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Eastman organists bring life to the pipes

blog by UB Spectrum  • 

The murmurs emitting from the rows of ruby-red seats subside as the lights in the enormous column-lined concert hall fade to a faint glimmer. The stage is empty.

Only two 20-foot stands point microphones upwards, gripping at heavy silence as a suited young man with glasses and a white bow tie appears on the overhanging balcony. Surrounded by metallic pipes, some reaching almost 30 feet in height, Benton Blasingame meets the applause with a smile as he brushes the tail of his coat so that it dangles over the bench like a veil.

There is a deep reedy boom a few moments after as the floor of Lippes Concert Hall begins to quiver. Benton’s fingers glide along three rows of keys while his feet descend upon the pedal board simultaneously.

Benton was one of four performers who showcased the Eastman Organists’ Day recital on Friday night. Eastman School of Music organists Isaac Lee, Chelsea Barton, and John Allegar accompanied him in a performance that encompassed a wide array of classical and baroque-inspired pieces.

Allegar, who closed the recital, is pursuing a Doctorate of Musical Arts at Eastman, working in the studio with David Higgs – a well-acclaimed organist and music director. His set consisted of some more experimental works by modern composers Gaston Litaize, Lionel Rogg, and Olivier Messiaen.

Allegar started playing piano at age 8 before moving on to organ at 14. The Kansas City native’s relationship with the organ wasn’t love at first sight, however. He began to appreciate the instrument for its versatility after delving into the study and attending concerts.

“Just the whole technique of playing the organ is completely different,” Allegar said. “You have so many color possibilities that you might not have on the piano.”

Since every organ is different, Allegar enjoys traveling to get a feel for different models. “It’s like getting to know a new friend, but you have to get to know them very quickly,” said Allegar.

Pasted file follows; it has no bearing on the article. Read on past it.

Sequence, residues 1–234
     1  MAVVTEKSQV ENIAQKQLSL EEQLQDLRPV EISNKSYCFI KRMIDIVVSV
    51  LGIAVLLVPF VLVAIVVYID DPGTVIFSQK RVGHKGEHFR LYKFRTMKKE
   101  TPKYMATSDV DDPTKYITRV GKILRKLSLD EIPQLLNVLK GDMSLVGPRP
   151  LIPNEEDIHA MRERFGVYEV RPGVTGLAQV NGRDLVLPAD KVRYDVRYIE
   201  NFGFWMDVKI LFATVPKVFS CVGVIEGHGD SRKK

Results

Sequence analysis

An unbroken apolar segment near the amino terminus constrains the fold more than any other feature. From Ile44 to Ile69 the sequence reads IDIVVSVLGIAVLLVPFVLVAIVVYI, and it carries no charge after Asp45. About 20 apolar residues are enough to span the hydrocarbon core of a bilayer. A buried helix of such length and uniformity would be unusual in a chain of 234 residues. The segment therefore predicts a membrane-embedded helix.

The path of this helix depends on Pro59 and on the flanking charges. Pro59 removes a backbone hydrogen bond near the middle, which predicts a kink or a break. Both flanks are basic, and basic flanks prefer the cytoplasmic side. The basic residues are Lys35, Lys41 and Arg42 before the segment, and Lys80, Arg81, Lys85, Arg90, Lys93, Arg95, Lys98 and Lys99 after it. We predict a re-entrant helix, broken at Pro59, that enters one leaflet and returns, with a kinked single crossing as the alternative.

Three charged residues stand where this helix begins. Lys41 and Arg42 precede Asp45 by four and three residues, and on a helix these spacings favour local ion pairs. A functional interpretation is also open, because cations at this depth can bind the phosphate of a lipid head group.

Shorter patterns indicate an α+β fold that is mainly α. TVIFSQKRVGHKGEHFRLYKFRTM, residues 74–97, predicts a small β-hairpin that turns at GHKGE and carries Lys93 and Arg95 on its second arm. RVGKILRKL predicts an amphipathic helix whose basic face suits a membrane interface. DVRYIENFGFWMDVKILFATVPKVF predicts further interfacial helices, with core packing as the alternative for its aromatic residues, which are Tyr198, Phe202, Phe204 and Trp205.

Attended primarily by an older crowd, this concert was an event that appealed to the finely tuned taste of classical music enthusiasts in Buffalo.  Yet in the thicket of grey hair, glasses, and penguin suits were a small group of UB students.

One of which being Daniel Rider, a senior electrical engineering and math major, and self-proclaimed organ fan, who spoke through a thick beard about his frequent attendance at on-campus recitals.

Rider claims to have been the youngest member of the audience for several shows at the Lippes Concert Hall, but has seen a marked rise in student attendance. While an outward fan of J.S. Bach, Daniel says that his second genre of choice is rock music.

Pointing out the parallels, Daniel adds, “If you listen, you can pick up a pattern that you might hear in a rock song.”

While the actual cost of the organ these performers brought to life on Friday isn’t known, this musical beast, built in 1990, was estimated to cost upwards of $750,000.

“Now it’s worth a lot more than that,” says Philip Rehard, the Concert Manager at Slee Hall.

Those who were caught in the halting wind of this giant piece of wood and steel would tell you, it was worth every penny.

Besides hosting Eastman organists, the Lippes Concert Hall in Slee Hall provides entertainment by presenting over 150 concerts annually, including UB student and faculty recitals, Beethoven string quartets, and featured visiting artists.

Concert-goers should be on the lookout for Slee’s largest upcoming acts like violinist Kim Kashkashian, composer Robert Levin, pianist Richard Goode, and Eastman’s Ying Quartet coming this spring.

By ADRIEN D’ANGELO, staff writer
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TAGGED: concerts, music, slee hall, ub spectrum, university at buffalo

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